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'They must be held to account': Mary Lou McDonald says Taoiseach has refused request to recall the Dáil

Micheál Martin said that the Dáil would not be recalled this week.

File photo. Mary Lou McDonald.
File photo. Mary Lou McDonald.
Image: Leah Farrell/Rollingnews.ie

Updated Aug 21st 2020, 8:50 PM

THE SINN FÉIN leader Mary Lou McDonald has said that Taoiseach Micheál Martin has refused her request to recall the Dáil in the wake of the latest government controversy that has erupted in the last 24 hours.

She has joined Labour leader Alan Kelly and a number of other opposition TDs calling for the Dáil to be recalled after another bad week for the government. 

This evening, Martin said that the Dáil would not be recalled this week. “The government doesn’t run the Dáil,” he said on RTÉ’s Six One News. “Our immediate focus is the re-opening of schools.”

Dara Calleary today became the second Fianna Fáil agriculture minister to lose his job in as many months, as he resigned in the wake of the Oireachtas Golf Society event on Wednesday night which was attended by over 80 people. 

The fallout has seen apologies from a Supreme Court judge, a string of senators and two TDs who were at the event.

The government is also under pressure with schools due to open again next week, and calls are growing to discuss the latest developments around Covid-19 in the Dáil.

In a tweet, Sinn Féin’s McDonald said: “Have spoken with the Taoiseach. He has refused my request to recall the Dáil.

“He is wrong. The government is increasingly chaotic, confused, with no direction. They must be held to account.”

Green Party TD Neasa Hourigan also this evening called on the Dáil to reconvene as soon as possible. 

“People are livid and rightly so. So many people have given up so much voluntarily in the past months, and second-guessed everything they did,” she said. 

“The Dáil must return in early September to try to restore the public’s confidence that the pandemic is being managed well, that our young people are being protected, and people’s concerns are being listened to.”

Labour’s Alan Kelly also called for the Dáil to be recalled in the wake of the scandal. 

He said: “There must be a new government Minister put in place to deal with the outbreaks we have seen in the meat processing sector. This cannot be left for three weeks while there are still clusters appearing in meat factories.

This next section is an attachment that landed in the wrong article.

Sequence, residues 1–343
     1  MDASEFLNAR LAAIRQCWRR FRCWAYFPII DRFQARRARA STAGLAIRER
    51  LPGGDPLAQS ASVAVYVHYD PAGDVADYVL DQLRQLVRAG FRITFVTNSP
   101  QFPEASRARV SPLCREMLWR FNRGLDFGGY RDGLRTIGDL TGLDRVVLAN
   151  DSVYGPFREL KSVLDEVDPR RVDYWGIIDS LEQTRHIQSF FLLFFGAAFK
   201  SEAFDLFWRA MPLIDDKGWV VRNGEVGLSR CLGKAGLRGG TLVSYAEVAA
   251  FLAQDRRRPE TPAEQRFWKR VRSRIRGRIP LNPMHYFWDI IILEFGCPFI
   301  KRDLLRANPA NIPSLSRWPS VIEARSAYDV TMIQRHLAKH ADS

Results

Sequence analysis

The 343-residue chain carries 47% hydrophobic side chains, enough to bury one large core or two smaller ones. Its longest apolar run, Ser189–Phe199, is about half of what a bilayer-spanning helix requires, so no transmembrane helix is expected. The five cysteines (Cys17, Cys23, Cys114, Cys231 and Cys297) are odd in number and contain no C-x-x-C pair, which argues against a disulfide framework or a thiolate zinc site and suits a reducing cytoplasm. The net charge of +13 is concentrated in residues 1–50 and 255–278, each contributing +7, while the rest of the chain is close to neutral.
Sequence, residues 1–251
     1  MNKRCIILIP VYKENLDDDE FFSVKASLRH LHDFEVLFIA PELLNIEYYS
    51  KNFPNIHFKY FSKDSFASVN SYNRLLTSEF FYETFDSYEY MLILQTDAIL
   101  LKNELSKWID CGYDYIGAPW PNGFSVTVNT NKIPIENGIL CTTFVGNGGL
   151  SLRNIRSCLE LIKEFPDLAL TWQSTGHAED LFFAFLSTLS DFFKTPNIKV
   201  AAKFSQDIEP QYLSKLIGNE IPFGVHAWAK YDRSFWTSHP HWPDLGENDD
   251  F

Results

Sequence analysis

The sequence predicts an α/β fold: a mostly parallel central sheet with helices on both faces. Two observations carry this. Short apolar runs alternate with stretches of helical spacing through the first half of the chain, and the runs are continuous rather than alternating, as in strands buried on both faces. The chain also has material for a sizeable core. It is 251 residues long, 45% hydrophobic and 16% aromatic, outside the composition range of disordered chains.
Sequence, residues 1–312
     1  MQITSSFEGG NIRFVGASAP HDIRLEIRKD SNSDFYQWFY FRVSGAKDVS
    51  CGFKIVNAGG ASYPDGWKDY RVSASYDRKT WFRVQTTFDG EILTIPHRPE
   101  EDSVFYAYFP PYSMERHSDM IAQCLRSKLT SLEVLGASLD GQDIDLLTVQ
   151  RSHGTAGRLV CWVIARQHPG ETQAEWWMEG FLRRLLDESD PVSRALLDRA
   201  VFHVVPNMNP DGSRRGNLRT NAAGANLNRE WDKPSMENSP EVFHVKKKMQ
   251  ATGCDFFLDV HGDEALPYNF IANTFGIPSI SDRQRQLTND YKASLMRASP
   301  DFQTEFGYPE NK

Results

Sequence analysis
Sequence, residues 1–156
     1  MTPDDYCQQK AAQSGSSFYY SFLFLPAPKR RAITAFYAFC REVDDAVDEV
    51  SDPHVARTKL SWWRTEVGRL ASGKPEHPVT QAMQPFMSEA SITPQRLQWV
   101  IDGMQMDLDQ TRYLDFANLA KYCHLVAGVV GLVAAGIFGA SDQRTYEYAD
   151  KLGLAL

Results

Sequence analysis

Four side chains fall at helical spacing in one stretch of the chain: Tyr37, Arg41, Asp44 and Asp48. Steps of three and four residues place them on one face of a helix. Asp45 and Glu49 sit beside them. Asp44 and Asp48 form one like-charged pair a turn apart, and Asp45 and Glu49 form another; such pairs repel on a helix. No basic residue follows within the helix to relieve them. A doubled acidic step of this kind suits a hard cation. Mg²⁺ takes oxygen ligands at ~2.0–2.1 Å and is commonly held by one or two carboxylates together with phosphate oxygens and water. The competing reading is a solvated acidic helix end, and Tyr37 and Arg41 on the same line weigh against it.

It is essential now that the Taoiseach recall the Dáil next week so that a new Minister can be appointed and those in our parliament who attended the dinner can make statements. Further, the Dáil must meet to deal with the critical issues facing our country including the reopening of our schools, the Leaving Cert and the confusion over Covid-19 restrictions.

Speaking on RTÉ’s News at One, Kelly said he has been in politics a long time and has rarely seen the public so angry about something.

He called on Martin to talk to European Commissioner for Trade Phil Hogan about his attendance at the event and state publicly whether or not he has confidence in Hogan.

This evening, a spokesperson for Hogan said that he had already apologised after Martin said that he should make a “meaningful response”. 

‘A long conversation’ 

In relation to the attendance of Supreme Court judge Seamus Woulfe, Kelly said: “If he was still the Attorney General, he wouldn’t be in the position of Attorney General now, there’s no doubt about that.

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“Obviously there is a separation of powers here. But having said that, I’m very uncomfortable that a judge was at an event like this and I don’t think it’s appropriate.”

Kelly said the Chief Justice will now likely “sit down and have a long conversation” with Woulfe about his attendance and position.

Woulfe earlier apologised “unreservedly” and said he regrets attending the event.

Speaking on the same programme, Minister for Public Expenditure and Reform Michael McGrath said: “I think it’s very obvious that the event should not have taken place, and those who attended, should not have attended.”

In relation to Woulfe, McGrath stated: “I am speaking as a member and on behalf of government and so I do have to uphold our Constitution and respect the separation of powers … but it is up to each person, irrespective of what position they hold, to give an account for themselves, of what they did, the reasoning behind their decision, and their response to that now.”

McGrath said it is “not acceptable” that people in “very privileged positions” are not abiding by the same rules as the general public.

With reporting by Órla Ryan and Dominic McGrath

About the author:

Sean Murray

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